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Does Diet Coke Kill

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Essay title: Does Diet Coke Kill

have used aspartame for years. I've also wholeheartedly recommended products containing NutraSweet to my clients, as well as promoting its use in recipes. So, when I was recently contacted by a sports nutrition company to do some consulting work on the health risks associated with aspartame ingestion, was understandably reluctant to accept the assignment. I questioned their marketing director, What if I don't think there are any significant health risks associated with aspartame?" His response was to send me a couple of scientific publications. "Just read the articles. If, in your medical opinion, aspartame poses no health risks, then we won't pursue it further."

The next day I sat down with a pile of literature two inches thick. After making it through the first 10 pages, I stormed into my kitchen and fed every item of food containing aspartame to the garbage. Since that time, I have not had so much as a stick of aspartame sweetened gum.

Sweet Beginnings

Scientifically known as 1-aspartyl 1-phenylalanine methyl ester, consumers recognize aspartame in the forms of Equal, NutraSweet and Spoonful. Aspartame has three components: phenylalanine (50 percent), aspartic acid (40 percent) and methanol, also termed wood alcohol (10 percent). Those in support of this popular artificial sweetener, state that the two primary amino acids, which comprise 90 percent of aspartame by weight, are a harmless and natural part of our diet. They insist that aspartic acid is a naturally occurring neurotransmitter, which is present in the human central nervous system. This is only a partial truth.

Phenylalanine and aspartic acid are amino acids that are normally supplied by the foods we eat; however, they can only be considered natural and harmless when consumed in combination with other amino acids. On their own, they enter the central nervous system in abnormally high concentrations, causing aberrant neuronal firing and potential cell death. The neurotoxic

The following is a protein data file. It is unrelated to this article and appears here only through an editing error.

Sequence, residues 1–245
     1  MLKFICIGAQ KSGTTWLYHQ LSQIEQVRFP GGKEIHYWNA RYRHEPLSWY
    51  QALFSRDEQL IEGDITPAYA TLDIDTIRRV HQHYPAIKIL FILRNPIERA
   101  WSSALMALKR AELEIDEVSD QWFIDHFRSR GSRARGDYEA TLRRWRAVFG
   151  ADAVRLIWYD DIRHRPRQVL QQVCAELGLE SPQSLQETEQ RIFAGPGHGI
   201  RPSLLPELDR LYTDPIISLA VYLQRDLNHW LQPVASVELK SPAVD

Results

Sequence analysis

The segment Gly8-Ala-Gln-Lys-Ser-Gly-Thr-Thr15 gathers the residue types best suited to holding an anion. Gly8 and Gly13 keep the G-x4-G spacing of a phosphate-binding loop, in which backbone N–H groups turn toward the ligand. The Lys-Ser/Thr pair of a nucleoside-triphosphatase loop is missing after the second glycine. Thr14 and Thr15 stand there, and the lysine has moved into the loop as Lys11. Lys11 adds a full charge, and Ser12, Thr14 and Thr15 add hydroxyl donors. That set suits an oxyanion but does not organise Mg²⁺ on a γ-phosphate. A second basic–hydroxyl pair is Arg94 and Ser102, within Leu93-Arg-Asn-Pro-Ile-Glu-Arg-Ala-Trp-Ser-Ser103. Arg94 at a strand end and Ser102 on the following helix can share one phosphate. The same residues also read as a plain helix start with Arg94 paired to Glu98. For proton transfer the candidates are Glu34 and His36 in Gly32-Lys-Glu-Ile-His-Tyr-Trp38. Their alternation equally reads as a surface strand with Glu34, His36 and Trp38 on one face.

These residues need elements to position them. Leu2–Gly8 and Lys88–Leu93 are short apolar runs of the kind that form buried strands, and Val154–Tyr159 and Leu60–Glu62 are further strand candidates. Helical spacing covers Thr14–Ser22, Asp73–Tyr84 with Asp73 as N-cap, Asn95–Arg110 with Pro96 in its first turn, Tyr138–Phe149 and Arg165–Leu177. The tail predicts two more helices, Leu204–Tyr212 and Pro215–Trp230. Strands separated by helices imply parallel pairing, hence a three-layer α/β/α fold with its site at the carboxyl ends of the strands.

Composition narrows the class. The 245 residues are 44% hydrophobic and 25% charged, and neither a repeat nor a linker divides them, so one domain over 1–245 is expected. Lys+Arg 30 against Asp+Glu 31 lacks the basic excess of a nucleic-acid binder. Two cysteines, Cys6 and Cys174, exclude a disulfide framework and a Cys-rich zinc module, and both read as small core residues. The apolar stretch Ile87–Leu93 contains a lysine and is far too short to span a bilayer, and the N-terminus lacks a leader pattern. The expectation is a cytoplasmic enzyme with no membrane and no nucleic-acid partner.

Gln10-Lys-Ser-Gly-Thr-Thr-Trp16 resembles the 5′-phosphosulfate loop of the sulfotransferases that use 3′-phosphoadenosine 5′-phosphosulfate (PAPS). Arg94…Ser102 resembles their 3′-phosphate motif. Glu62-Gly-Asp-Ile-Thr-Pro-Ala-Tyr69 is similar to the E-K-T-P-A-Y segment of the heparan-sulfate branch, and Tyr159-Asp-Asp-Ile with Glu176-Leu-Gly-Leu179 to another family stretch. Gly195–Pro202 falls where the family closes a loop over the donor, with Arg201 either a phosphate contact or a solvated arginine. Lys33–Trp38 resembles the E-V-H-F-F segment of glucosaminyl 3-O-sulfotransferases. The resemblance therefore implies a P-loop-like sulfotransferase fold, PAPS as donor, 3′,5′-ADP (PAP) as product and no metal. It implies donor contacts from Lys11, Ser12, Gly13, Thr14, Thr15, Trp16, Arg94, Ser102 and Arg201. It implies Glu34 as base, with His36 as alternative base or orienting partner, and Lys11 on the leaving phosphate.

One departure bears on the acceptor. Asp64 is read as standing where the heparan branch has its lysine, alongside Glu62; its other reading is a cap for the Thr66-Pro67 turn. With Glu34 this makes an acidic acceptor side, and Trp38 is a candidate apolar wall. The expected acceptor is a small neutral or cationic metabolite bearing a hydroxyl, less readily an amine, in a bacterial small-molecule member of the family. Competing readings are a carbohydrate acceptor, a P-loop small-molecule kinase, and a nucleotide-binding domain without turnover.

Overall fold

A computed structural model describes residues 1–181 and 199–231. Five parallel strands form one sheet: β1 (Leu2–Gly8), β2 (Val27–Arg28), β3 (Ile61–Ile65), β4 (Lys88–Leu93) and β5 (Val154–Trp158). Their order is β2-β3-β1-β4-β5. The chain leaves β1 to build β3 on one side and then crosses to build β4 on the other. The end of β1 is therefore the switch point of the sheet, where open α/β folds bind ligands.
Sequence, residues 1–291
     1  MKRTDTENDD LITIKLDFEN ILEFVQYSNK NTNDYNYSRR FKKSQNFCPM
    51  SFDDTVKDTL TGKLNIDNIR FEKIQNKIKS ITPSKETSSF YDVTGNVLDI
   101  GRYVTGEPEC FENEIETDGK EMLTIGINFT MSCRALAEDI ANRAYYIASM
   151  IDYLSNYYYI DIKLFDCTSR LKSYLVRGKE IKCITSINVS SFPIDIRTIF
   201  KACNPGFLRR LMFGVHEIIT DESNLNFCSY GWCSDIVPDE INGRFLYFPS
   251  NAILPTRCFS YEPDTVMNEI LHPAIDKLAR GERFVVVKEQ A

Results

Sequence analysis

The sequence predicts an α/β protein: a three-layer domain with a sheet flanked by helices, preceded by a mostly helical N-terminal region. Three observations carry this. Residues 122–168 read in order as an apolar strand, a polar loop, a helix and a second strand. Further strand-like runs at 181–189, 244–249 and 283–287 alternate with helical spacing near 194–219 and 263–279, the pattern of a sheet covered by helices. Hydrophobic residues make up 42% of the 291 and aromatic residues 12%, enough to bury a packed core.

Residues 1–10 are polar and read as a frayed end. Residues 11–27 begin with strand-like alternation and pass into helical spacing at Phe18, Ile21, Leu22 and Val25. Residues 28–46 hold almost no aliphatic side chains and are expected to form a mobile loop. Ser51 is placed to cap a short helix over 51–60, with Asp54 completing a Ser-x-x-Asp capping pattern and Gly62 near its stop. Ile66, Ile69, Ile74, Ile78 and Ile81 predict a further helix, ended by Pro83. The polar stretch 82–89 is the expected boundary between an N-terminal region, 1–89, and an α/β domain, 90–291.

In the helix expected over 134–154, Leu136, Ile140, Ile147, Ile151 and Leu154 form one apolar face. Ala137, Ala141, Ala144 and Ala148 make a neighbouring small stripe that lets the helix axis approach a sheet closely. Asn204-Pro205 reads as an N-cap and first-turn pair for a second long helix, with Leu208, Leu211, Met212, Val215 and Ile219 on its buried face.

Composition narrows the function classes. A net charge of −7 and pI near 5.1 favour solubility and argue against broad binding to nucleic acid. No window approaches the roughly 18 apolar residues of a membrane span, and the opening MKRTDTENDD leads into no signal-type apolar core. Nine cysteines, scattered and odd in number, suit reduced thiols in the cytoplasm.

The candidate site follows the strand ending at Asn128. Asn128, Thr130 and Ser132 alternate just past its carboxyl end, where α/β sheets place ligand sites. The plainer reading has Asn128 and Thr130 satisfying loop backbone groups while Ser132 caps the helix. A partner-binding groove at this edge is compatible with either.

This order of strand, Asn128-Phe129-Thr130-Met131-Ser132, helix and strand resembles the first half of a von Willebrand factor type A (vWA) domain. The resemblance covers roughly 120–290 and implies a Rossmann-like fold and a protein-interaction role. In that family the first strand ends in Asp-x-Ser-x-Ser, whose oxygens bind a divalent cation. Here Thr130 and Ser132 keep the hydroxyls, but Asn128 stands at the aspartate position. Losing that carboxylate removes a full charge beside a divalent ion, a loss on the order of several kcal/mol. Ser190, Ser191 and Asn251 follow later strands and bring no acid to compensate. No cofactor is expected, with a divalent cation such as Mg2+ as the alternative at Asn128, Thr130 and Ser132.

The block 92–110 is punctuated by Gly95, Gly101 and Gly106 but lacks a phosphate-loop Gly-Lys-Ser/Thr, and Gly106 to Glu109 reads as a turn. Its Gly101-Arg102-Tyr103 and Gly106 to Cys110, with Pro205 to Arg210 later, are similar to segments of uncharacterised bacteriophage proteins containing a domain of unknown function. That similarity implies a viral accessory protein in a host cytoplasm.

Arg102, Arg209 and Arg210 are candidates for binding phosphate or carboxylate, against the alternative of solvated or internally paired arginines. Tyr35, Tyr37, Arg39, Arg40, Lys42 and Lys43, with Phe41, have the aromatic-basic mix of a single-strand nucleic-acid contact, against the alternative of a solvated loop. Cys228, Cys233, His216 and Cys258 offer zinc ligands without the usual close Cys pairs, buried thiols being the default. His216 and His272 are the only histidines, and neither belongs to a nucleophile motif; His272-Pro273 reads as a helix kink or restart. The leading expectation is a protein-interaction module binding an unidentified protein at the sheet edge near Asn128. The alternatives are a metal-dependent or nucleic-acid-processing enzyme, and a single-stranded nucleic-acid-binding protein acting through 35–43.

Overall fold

effects of these amino acids, when consumed as isolates, can be linked to headaches, mental confusion, balance problems and possibly seizures.

The damage caused by excitotoxin food additives is not usually dramatic. In most instances, the effects are subtle, cumulative and develop over a prolonged period of time.

Excitotoxins have also been shown to stimulate the generation of free radicals (charged oxygen molecules with an unpaired electron). These can have a negative impact on tissues and organs outside the central nervous system. Evidence indicates that free radical production accelerates many degenerative illnesses such as atherosclerosis, cancer, coronary artery disease and arthritis. It comes as no surprise that joint pain is a major complaint among aspartame reactors (individuals who have reported adverse reactions).

Potentially more worrisome is the 10 percent of aspartame that is absorbed into the bloodstream as methanol (wood alcohol). The Environmental Protection Agency defines safe consumption as no more than 7.8 milligrams per day of this dangerous substance. A one-liter beverage, sweetened with aspartame, contains about 56 milligrams of wood alcohol, or eight times the

EPA limit!

Aspartame's breakdown products, or metabolites, are even scarier than its components. Phenylalanine decomposes into diketopiperazine (DKP) a known carcinogen, when exposed to warm temperatures or prolonged storage. Even if products are consistently kept at cooler temperatures we are not safe. At cold temperatures, methanol will spontaneously give rise to a colorless toxin known as formaldehyde. Independent studies have shown formaldehyde formation, resulting from aspartame ingestion, to be extremely common. It accumulates within the cells, and reacts with cellular proteins such as enzymes and DNA. This cumulative reaction could spell grave consequences for those who consume aspartame-laden diet drinks and foods on a daily basis.

Are We All at Risk?

The blood-brain barrier is a system of specialized capillary structures that are designed to prevent toxic substances from entering the brain. There are a number of medical conditions from diabetes, hypertension and smoking, to simple aging which can render the blood-brain barrier incompetent. Therefore, aspartame reactions have a tendency to be magnified

among individuals who fit these profiles.

Prior to birth and during the first 12 months of life, the blood-brain barrier is incomplete; thereby allowing dangerous excitotoxins, such as aspartic acid and phenylalanine, free access to the nervous system. Additionally, the concentrating effects of the placenta

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